UF Research Computing maintains several shared storage systems that are intended for different user activities. A summary of the filesystems and their use can be found in the RC storage policy. Here we discuss practical use of the filesystems on HiPerGator.
Your home directory is the first directory you see when you log into HiPerGator. It's always found at '~', '/home/$USER' or $HOME paths. The shell variables above can be used in scripts. The HOME directories are the smallest storage devices available to our users. They contain files important for setting up user shell environment and secure shell connections. Do not remove any .bash* files or the .ssh directory or you will have problems using your HiPerGator account. Let us know if some of them were removed by accident, so we could reset the files to standard versions.
The first rule of using the HOME directory is to not use it for reading or writing data files in any analyses run on HiPerGator. It is permissible to keep software builds, conda environments, text documents, and valuable scripts in $HOME as it is somewhat protected by daily snapshots.
Blue Storage is our main high-performance parallel filesystem. This is where all job input/output a.k.a 'job i/o' or reading and writing files must happen. By default your personal directory tree will start at '
/blue/GROUP/USER'. That directory cannot be modified by other group members. There is a shared directory at '
/blue/GROUP/share' for groups that prefer to share all their data between group members. The parallel nature of the Blue Storage makes it very efficient at reading and writing large files, which can be 'striped' or broken into pieces to be stored on different storage servers. It does not deal well with directories that have a large number of very small files. If a job produces those it is advisable to make use of the Temporary Directories to alleviate the burden on Blue Storage and make it more responsive and performant for everyone. For groups that purchased separate storage for additional projects the default path to the project directories is '
/blue/PROJECT'. That directory is set up similarly to the 'share' directory in the primary group directory tree.
Do not be alarmed if you do not see your Blue Storage directory when looking in /blue at first. Blue Storage is connected (mounted) on demand, so you have to 'use' it before it becomes visible. For example, changing into your blue directory or listing its contents will connect it and make it visible. so use
to avoid surprises.
If you are using Jupyter Notebook or other GUI or web applications that make it difficult to browse to a specific path you can create a symlink (shortcut) as shown in Jupyter_Notebooks#Create_the_Link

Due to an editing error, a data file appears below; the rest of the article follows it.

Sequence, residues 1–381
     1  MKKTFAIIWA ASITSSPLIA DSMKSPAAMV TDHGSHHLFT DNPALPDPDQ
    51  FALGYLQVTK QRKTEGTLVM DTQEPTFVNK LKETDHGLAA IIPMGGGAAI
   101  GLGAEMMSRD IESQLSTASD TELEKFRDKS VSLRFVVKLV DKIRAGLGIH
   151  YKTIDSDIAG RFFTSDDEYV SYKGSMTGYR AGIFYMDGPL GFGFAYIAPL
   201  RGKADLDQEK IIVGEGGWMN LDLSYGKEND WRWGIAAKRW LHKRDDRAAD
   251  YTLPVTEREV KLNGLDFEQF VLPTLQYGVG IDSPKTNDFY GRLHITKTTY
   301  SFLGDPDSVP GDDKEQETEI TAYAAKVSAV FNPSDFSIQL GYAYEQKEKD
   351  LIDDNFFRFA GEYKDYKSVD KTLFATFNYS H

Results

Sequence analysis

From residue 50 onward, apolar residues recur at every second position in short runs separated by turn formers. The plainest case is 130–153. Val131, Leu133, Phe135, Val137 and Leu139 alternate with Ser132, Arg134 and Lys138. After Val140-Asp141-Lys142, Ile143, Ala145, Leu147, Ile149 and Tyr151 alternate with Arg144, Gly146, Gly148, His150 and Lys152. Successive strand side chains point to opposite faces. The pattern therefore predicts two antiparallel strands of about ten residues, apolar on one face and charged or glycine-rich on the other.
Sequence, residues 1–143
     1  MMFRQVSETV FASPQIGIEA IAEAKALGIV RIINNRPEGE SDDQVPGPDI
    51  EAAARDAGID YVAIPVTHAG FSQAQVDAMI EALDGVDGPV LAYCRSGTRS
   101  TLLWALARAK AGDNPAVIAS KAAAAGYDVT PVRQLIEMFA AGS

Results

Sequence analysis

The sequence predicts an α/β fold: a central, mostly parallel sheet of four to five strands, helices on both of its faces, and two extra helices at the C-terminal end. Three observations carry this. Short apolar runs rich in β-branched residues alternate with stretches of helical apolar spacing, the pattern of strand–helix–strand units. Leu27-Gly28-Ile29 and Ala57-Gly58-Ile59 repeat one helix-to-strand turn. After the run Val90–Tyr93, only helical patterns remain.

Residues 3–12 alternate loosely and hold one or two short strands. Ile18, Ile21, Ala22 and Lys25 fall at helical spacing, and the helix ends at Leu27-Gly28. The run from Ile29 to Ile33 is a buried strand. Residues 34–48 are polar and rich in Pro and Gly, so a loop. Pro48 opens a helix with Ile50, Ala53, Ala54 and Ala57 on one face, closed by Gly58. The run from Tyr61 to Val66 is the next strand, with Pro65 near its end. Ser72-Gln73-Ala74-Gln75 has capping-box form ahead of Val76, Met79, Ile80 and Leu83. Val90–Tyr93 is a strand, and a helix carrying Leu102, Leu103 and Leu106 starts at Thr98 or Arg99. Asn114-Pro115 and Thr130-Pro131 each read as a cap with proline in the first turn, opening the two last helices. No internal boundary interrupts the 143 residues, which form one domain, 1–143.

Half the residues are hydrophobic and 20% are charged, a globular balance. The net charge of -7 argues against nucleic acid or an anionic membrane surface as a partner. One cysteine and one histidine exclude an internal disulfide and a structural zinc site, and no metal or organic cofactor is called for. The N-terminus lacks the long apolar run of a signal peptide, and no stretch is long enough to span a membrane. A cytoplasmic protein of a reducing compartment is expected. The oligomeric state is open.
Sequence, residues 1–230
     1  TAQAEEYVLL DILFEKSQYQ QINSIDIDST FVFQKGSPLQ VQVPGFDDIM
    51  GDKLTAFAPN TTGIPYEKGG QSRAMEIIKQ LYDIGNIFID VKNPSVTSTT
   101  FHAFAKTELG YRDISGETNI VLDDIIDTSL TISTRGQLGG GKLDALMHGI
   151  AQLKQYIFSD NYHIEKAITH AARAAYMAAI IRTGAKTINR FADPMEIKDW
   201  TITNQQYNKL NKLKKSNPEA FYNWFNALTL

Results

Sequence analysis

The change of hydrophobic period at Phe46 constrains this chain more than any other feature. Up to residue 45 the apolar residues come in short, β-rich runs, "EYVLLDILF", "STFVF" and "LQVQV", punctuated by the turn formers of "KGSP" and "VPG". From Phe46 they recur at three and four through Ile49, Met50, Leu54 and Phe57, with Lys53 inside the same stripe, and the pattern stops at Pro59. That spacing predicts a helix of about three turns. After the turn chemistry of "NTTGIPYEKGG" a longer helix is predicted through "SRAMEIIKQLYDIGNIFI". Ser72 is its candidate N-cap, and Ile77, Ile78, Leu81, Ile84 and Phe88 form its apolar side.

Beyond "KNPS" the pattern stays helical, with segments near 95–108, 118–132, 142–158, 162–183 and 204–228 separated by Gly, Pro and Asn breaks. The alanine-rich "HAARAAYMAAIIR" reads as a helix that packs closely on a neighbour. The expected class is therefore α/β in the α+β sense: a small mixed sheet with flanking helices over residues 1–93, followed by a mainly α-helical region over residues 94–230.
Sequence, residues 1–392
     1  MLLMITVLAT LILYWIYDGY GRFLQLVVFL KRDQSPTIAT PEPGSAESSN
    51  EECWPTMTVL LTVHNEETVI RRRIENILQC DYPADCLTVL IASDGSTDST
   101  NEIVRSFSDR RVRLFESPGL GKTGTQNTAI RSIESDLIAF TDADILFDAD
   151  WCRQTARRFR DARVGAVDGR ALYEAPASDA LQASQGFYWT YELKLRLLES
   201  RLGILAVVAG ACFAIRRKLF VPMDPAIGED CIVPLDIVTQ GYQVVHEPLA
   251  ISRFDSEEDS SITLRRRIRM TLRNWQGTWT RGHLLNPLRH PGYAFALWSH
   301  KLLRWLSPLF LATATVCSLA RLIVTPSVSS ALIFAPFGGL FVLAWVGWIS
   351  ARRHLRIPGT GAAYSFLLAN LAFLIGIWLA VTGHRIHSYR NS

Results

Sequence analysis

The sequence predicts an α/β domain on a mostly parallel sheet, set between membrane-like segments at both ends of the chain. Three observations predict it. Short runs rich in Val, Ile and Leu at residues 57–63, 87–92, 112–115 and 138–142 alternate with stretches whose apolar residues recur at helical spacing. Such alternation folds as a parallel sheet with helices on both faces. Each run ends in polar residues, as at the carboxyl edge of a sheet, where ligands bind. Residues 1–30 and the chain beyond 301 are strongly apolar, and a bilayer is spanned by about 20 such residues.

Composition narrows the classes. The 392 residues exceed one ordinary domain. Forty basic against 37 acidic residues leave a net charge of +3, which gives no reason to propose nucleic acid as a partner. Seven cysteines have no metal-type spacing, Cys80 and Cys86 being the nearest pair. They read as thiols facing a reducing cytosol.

Orange storage is cheaper than Blue, but its hardware is also more limited. Therefore, orange storage cannot support the full brunt of the applications running on HiPerGator. Limit its use to long-term storage of data that's not currently in use or for very gentle access like serial reading of raw data for QC/Filtering with the output of that first step in many workflows going to your Blue Storage directory tree. Do not be alarmed if you do not see your Orange Storage directory with 'ls' at first. Orange Storage is connected (mounted) on demand, so you have to 'use' it before it becomes visible. For example, changing into your orange directory or listing its contents will connect it and make it visible. so use
to avoid surprises.
Red storage is fully flash based and can support high rates of i/o. The point to remember about Red storage is that the allocations are short-term and the data is removed within 24 hrs of the allocation's end date. See the policy page for how to request an allocation.
Local Scratch Storage
Using local scratch storage on HiPerGator compute nodes Temporary Directories is a way to insulate an analysis from most of the other jobs running on HiPerGator, which are generally using Blue storage. Therefore it may be possible to use TMPDIR to get much higher i/o rates as the job competes for local scratch i/o with a limited number of jobs running on the same compute node that also chose to use local scratch. The caveat is that using local scratch requires staging out input data (copying it from /blue to $TMPDIR within a job) and staging in the results (copying results files back to /blue) since the job's temporary scratch directory is automatically removed at the end of the job, so the files on it are irretrievably lost.